Law School Resumes Podcast
To listen to this podcast about law school applications resumes brought to you by Law School Interactive, click here
Anna Ivey, advises that students include all the basic information in their law school applicant resume: Contact information, education, experience, activities, and any other personal information the student deems relevant. Ivey says that it is fine to include things from before your college years but says one thing to definitely avoid including is expected statuses or things you have turned down; for example, if you were accepted to Harvard but didn’t go, don’t include it on your résumé. When designing your résumé, Ivey suggests that the formatting needs to be conventional and “very easy on the eyes.” She also says that admission officers care a lot about academic and extracurricular activities so make sure to include everything you have been involved with.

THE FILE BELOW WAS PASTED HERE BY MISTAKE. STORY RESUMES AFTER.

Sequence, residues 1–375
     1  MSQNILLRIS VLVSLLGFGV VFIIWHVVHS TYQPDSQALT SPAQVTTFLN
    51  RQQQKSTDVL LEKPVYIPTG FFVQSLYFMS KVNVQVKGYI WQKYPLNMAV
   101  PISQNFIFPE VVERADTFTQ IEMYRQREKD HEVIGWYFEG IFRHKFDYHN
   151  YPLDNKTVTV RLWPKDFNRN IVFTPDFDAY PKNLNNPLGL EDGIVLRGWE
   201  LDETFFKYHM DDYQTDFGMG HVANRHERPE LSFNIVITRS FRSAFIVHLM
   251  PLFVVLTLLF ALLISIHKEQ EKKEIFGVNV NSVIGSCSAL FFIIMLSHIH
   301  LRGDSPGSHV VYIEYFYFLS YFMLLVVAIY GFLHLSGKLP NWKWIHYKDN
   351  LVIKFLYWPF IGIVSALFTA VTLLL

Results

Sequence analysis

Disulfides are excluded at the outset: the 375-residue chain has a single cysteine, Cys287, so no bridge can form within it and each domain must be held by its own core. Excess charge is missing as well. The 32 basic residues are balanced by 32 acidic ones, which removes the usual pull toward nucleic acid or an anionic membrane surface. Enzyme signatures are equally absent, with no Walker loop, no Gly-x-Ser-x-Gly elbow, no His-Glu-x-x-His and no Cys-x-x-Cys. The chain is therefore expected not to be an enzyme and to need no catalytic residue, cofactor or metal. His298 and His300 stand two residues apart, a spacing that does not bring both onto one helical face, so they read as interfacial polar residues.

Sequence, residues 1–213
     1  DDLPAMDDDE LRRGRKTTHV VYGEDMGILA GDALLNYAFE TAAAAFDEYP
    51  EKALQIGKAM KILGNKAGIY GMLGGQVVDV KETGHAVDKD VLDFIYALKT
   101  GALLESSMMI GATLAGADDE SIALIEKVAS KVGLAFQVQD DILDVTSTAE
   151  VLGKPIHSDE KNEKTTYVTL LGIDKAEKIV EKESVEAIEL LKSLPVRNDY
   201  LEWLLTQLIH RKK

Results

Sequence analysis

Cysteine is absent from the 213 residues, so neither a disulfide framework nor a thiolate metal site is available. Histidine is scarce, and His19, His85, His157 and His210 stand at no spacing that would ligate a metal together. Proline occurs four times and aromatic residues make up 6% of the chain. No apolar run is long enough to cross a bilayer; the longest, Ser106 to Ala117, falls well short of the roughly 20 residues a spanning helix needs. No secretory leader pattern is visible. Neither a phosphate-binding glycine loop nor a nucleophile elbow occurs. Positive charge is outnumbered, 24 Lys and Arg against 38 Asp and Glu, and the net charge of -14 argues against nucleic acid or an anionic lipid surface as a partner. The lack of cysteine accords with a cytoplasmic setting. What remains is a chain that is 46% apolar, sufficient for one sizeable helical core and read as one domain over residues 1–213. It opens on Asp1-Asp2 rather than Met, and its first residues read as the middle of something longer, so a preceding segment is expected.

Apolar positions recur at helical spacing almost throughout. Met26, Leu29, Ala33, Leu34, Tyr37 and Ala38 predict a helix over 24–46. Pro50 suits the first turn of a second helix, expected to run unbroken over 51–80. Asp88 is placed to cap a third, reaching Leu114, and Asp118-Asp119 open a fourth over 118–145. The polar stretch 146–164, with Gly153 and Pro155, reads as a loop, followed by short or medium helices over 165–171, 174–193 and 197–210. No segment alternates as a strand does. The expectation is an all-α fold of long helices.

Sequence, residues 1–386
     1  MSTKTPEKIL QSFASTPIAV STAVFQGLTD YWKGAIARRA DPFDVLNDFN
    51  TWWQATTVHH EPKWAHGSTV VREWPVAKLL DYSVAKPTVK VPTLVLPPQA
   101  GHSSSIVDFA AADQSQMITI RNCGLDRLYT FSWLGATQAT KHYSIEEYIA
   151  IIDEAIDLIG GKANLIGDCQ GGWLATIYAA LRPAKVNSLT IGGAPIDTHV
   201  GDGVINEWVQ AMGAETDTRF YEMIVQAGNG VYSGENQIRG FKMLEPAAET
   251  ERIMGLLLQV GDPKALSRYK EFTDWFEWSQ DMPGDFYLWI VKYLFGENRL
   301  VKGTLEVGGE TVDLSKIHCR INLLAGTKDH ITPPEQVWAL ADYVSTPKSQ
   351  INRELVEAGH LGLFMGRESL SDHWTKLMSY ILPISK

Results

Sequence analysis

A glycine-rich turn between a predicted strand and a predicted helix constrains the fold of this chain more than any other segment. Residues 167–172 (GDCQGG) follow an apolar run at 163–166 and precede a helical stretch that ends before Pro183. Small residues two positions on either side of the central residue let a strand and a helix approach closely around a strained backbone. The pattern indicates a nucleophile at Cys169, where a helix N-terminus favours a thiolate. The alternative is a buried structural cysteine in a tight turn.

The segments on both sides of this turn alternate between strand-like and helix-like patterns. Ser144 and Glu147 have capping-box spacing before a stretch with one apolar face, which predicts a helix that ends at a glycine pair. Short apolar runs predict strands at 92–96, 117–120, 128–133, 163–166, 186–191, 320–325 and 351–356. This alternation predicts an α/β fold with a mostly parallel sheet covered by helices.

Ann Levine starts her advice by suggesting that students not include high school achievements on their law school application résumé. She proposes that, instead, students focus on including anything that will make their experience unique and diverse. Levine emphasizes that both education and employment information be included in the résumé, and stresses the importance of consistency and careful proofing to avoid careless errors.
Vanessa Vidal, states that law school application résumés and legal résumés are very different. Vidal suggests including personal contact information, work experience, education and bar admissions on your legal résumé. She also suggests that applicants not include computer skills unless the job specifically asks for a detailed listing. Finally, she talks about the importance of ensuring the résumé has a clear objective, only includes relevant information, and is carefully proofread.